We don’t like to think about God hating—but he does—He is Holy, and He hates sin.

John 3:16 says, “For God so loved the world that he gave his only begotten Son, that whosoever believeth in Him should not perish but have everlasting life.”

Now, Love is something we DO like to associate with God—we like to remember his Love, and we sing, “Oh, the Deep, Deep Love of Jesus!” Let’s see what it says He loves: It says, “God so loved the WORLD…” the people. Not the World system of thinking, which despises His grace, and spits on his Law, but the people themselves, created in His image. He hates the sin, but loves the sinner.

So, another thing God wants you to know is that He loves you—you, personally, with all your pride and sin, and failings. (Yes, you are a sinner…most of you do not need me to tell you that…you already knew it.) God says that “ALL have sinned and come short of the Glory of God” (Romans 3:23) He also says “the wages of Sin is death” (Romans 6:23.) But God says He loves you in spite of your sin, and sent His Son to die in your place.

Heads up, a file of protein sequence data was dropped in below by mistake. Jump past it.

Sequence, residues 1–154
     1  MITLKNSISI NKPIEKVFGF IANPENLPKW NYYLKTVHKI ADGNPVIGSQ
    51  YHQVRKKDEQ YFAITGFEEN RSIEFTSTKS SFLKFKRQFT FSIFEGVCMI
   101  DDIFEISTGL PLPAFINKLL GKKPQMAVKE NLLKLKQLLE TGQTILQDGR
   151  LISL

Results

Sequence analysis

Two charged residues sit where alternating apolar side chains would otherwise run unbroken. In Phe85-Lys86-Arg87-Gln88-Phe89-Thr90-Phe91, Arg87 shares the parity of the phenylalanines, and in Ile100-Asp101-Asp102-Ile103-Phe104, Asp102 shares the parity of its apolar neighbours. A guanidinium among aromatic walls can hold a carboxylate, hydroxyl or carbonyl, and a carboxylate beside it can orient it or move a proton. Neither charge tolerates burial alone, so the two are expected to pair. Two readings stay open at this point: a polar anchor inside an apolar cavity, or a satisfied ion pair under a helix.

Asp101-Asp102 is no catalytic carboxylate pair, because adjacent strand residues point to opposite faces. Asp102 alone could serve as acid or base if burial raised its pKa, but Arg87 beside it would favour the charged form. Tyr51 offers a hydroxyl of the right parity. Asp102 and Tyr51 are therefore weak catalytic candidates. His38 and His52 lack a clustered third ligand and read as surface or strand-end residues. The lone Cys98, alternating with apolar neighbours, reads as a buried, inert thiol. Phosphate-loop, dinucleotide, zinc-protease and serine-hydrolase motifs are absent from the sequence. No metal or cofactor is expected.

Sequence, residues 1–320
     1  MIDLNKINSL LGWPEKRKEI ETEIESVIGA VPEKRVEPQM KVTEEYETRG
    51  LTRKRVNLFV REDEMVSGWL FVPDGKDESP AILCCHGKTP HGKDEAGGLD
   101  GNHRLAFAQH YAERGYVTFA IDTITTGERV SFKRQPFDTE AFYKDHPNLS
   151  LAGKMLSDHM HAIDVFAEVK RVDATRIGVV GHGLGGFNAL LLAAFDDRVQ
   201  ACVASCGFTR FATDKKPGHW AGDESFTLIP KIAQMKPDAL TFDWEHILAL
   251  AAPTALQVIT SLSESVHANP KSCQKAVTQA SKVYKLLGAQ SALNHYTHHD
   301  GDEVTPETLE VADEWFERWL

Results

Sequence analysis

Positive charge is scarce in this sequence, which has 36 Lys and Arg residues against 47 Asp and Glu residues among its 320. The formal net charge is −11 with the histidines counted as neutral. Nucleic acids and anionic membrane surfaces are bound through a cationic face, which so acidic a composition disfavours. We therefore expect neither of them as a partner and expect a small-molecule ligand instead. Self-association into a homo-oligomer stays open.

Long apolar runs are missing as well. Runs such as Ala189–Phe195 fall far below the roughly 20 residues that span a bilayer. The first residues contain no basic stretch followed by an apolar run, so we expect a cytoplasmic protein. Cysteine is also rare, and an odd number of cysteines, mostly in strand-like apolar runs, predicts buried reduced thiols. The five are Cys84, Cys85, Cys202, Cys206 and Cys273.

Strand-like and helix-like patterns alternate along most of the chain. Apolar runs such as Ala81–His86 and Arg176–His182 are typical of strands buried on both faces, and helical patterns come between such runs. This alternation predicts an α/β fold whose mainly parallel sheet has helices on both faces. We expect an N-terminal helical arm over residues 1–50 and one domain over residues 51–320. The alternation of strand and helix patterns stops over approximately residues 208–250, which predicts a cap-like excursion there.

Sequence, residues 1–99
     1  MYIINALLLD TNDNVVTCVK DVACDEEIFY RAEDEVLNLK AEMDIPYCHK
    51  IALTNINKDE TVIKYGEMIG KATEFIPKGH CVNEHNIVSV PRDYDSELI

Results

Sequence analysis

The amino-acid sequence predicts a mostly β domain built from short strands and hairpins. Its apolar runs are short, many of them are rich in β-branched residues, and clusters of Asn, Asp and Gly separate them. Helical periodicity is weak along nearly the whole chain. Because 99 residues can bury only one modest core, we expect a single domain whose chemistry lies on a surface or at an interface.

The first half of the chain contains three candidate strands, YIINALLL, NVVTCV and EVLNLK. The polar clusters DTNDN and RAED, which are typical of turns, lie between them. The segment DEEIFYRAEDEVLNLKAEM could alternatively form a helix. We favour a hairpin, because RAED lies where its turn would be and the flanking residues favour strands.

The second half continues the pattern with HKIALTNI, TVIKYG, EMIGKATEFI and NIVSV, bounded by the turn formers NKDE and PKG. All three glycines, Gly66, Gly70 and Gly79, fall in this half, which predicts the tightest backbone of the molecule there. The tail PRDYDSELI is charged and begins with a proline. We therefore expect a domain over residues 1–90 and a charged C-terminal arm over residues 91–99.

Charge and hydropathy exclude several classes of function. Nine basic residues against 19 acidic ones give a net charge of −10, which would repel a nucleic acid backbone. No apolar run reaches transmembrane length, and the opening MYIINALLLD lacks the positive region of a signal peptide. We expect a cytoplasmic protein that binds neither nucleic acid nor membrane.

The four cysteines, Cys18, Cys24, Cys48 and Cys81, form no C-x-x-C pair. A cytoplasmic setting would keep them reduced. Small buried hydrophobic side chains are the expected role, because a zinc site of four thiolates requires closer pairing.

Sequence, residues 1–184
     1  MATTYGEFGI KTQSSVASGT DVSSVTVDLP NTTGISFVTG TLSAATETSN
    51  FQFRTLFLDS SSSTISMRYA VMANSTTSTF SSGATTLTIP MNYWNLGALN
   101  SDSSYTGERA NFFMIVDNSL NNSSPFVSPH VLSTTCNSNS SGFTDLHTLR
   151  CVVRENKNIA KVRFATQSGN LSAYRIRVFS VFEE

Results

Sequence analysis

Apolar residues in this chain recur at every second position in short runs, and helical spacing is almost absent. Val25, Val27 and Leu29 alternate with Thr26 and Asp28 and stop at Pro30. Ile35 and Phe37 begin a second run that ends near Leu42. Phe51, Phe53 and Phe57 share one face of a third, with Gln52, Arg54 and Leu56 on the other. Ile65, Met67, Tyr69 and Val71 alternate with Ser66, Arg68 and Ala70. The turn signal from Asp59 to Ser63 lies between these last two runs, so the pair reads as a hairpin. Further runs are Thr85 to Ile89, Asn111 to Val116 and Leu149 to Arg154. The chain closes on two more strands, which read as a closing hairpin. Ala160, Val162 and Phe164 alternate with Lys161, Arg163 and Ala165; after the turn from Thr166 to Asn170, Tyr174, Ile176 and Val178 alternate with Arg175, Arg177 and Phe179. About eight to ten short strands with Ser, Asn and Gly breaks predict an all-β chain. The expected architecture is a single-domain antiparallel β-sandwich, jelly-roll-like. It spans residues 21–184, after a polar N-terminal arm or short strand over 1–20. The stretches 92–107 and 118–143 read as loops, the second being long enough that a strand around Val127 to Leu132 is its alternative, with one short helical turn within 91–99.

Now, one thing He told us briefly, in John 3:16, is that “whosoever believeth in Him should not perish, but have everlasting life.” That begins to let us know what God wants us to do…He says he wants us to believe in His Son, who died for us.

Once Jesus was speaking to a large crowd of people, and one of them asked “Teacher, what shall we do that we might work the works of God?” Some of you know His answer—this question was in John 6:28—verse 29 gave His answer. He said “this is the work of God; that ye believe on Him whom He hath sent.” Jesus could have quoted the Ten Commandments to them—He was the author! But God has NEVER invited us to do good works to earn His favor. He has always invited us to place our trust in His perfect work, and receive un-earned favor—that’s what we call GRACE. (Grace means “unearned favor.” God says “By Grace are ye saved, through Faith, and that not of yourselves; it is the gift of God; not of works, lest any man should boast.”He loveH